Earlier CETME L builds from other makers that are in circulation often used Spanish surplus parts kits to include banged-up 30-year-old furniture. The MarColMar version on the market now uses new Nylon 66 furniture. (Photo: Chris Eger/
Using a small ejection port for those used to ARs and AKs, it has a port flare on the receiver, something you don't see in HMG builds. Notably, the port is too small for loaded 5.56 cartridges to come out straight, which can make some jams a beast to deal with. Good thing those are rare. Also, note the bolt-hold button on the sight.  (Photo: Chris Eger/
The Model L rear sight is a simple flip-up "L" shaped sheet with two openings 200 and 400 meters. (Photo: Chris Eger/
The bayonet lug is above the barrel, and we found it accepts a standard Spanish surplus pigsticker, which are available for about $40 from Apex, and works as advertised. 
We ran the gun without cleaning, and it proved extremely reliable, even when dirty. (Photo: Chris Eger/

The whammy card on the magazine well is that it is long and very straight in construction. Made to accept STANAG mags, and the gun ships with an Okay Industries mag. 



Mag compatibility with the CETME L is a little funny. In short, it runs most metal M16 mags and eschews plastic. (Photo: Chris Eger/

We have found that most metal-bodied mags work well with the gun, including those from D&H and C-Products. Ironically, surplus Spanish-made CETME L mags won't lock into place (perhaps for 922 compliance?) nor will plastic mags such as PMAGs due to the angled mold line that corresponds to the bottom of the AR-15/M-16 magwell. Still, metal-body AR/M16 mags are cheap and abundant and, if you have a bunch of PMAGs, they can be modded easily to fit your CETME. 

We did trim the mold line on a PMAG and got it to seat and function, so it can be done. Word is that Lancer mags also work on the CETME L without modification, but we didn't have one of those to try out. (Photo: Chris Eger/

MarColMar stresses that the CETME L has been designed for SAAMI Spec. 5.56 /.223 ammunition. The 1-in-7-twist barrel favors 62-grain bullets, but 55 grain can be used as well. The manufacturer also recommends only brass-cased, copper-jacketed ammunition be used for the CETME L, as steel case ammunition can fill the barrel flutes with lacquer.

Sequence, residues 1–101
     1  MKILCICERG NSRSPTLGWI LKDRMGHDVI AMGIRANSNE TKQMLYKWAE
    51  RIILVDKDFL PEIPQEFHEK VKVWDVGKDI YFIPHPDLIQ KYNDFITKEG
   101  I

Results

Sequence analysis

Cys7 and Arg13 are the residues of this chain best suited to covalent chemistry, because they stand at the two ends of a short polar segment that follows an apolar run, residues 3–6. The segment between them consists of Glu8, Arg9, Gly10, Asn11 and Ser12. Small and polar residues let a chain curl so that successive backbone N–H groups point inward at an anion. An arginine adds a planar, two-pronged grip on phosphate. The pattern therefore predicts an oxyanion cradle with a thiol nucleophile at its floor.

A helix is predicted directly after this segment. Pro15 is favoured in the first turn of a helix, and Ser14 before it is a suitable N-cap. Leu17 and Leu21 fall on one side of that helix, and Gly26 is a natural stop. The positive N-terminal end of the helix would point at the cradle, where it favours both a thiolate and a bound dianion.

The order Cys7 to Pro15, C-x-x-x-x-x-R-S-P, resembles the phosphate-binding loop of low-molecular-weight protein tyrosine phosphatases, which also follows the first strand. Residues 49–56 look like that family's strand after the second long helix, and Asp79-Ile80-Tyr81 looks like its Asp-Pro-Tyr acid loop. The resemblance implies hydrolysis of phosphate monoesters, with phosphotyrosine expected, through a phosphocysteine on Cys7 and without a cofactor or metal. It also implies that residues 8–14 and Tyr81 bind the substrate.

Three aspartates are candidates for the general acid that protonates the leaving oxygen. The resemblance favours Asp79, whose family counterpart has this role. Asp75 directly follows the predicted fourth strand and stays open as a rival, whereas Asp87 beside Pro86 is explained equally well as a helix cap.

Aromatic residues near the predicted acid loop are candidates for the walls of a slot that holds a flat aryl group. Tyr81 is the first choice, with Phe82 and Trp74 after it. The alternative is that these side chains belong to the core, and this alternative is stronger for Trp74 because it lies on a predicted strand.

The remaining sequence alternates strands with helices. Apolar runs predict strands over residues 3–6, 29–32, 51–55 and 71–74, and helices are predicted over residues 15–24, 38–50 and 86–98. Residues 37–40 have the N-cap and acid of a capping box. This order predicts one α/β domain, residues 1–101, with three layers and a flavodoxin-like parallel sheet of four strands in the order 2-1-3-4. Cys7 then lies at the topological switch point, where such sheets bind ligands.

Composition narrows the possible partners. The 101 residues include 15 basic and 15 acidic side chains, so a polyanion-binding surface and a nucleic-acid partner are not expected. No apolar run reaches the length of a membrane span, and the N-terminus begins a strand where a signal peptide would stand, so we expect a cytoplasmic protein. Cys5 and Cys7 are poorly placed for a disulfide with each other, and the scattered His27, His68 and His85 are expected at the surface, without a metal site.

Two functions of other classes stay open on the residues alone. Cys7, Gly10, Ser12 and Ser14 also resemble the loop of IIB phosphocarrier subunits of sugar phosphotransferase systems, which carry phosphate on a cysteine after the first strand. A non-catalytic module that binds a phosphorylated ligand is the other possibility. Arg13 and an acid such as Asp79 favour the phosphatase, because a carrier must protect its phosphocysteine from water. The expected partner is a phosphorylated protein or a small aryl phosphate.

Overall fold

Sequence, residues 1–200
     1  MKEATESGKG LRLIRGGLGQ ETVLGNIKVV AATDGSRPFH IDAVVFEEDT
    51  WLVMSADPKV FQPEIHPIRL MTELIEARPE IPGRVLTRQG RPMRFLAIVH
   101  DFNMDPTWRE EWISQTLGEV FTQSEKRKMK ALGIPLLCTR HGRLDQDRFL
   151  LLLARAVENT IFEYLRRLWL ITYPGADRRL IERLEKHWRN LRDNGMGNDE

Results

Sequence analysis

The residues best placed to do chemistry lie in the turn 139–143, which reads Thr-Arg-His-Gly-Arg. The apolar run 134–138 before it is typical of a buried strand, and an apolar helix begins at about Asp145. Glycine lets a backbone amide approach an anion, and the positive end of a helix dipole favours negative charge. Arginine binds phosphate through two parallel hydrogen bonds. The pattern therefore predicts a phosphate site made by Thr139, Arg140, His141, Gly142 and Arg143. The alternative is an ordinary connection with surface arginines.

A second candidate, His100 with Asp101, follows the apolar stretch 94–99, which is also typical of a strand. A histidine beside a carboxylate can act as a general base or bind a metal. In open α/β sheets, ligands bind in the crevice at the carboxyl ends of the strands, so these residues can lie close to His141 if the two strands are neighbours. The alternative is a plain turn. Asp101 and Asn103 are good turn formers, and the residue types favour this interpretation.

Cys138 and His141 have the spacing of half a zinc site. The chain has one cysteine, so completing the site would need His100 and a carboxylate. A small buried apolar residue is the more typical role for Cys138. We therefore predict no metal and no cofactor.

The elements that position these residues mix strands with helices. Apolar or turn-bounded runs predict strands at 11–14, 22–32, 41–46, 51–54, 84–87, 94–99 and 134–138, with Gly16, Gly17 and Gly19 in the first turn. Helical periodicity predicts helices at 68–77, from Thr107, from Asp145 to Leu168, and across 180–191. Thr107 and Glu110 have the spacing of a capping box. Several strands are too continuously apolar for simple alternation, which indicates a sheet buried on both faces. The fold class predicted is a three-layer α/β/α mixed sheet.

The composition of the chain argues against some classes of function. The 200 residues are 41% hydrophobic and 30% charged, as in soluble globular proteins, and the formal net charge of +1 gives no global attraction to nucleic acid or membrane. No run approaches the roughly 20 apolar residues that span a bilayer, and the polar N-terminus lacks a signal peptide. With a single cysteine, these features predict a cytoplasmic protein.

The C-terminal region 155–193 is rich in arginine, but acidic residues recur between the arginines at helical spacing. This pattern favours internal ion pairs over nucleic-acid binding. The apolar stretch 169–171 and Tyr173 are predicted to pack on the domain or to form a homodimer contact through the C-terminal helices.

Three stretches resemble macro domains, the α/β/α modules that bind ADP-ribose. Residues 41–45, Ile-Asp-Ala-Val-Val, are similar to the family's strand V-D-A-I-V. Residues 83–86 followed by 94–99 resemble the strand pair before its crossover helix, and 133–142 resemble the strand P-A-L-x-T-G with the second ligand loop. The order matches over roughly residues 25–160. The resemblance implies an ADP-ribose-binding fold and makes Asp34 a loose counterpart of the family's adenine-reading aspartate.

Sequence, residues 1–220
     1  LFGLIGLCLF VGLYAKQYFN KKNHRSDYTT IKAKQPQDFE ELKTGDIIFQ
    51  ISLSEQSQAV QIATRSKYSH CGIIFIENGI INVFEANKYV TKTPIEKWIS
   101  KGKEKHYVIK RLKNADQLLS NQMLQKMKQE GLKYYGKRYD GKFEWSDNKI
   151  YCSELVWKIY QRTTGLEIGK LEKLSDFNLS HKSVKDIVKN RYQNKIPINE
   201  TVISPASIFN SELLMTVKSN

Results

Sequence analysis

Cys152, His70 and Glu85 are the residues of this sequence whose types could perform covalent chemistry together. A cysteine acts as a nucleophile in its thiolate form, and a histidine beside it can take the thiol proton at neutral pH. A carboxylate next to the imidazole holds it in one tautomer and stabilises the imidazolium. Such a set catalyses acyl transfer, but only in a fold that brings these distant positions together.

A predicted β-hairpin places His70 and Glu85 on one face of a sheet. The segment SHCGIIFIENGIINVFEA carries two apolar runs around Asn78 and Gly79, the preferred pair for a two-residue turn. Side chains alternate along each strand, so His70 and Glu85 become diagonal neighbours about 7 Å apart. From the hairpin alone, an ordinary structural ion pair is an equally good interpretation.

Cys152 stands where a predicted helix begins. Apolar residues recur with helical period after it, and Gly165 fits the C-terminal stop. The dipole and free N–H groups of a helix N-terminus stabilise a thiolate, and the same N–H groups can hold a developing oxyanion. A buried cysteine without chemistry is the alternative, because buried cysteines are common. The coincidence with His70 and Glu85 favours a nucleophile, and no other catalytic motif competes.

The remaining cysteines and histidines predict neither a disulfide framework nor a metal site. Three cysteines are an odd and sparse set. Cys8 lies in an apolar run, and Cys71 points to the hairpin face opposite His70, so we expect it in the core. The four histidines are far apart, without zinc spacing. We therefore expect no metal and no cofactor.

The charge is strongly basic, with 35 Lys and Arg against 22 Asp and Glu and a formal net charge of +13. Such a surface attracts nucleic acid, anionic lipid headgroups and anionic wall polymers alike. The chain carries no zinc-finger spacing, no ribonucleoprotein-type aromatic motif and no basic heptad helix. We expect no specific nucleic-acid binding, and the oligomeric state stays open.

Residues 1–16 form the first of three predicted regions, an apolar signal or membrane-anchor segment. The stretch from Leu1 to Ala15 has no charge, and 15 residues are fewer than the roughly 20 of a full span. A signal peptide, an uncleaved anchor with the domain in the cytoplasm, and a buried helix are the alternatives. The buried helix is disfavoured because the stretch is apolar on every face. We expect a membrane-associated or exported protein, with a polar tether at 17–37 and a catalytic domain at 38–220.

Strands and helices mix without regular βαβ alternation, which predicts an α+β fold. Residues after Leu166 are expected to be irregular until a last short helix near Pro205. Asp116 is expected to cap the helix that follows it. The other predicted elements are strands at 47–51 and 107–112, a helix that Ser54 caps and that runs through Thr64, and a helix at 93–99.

When it comes to reliability, we put about 1,000 rounds through our borrowed CETME L test gun (thanks, Alex!) and experienced no reportable issues. We used Winchester 55-grain bulk and Federal green tip for the tests.

About the worst problem we must pass on is that the gun can sometimes frustrate those accustomed to ARs when it comes to mag changes. You have to present the magazine to the well very deliberately rather than rocking it. The short charging handle twice left us with a funky jam when short-stroked over a full mag. Both of those are training issues rather than gun issues. We also found that downloading the mag to 28 rounds rather than 30 works and seemed to cut down the short-stroke over a full mag issue. 

The gun is incredibly soft shooting, feeling akin to a SCAR 16 or Bushmaster ACR. 


It is also very accurate, although the trigger, being for a military-style rifle, is creepy. 

Like golf ball at 50 yards from the bench accurate. (Photo: Chris Eger/
The CETME L is now even available with a welded Picatinny top rail and in four different Cerakote finishes, original Spanish Green, Black, Grey, and FDE, and we have three out of four in stock right now. (Photo: April Robinson/



How long will the CETME L be in production by MarColMar? Well, they say they bought about 10,000 parts sets in good to excellent condition but intend to only cherry-pick the best of those to turn into finished rifles, so you can expect it to be somewhat less than that figure.

While they may have spotty availability now, odds are they are already on the endangered list, making this one a "man, I wish I would have bought one of those when they are around" kinda rifle. Just saying. 

The CETME L certainly looks different, but it feels and shoots great. (Photo: Chris Eger/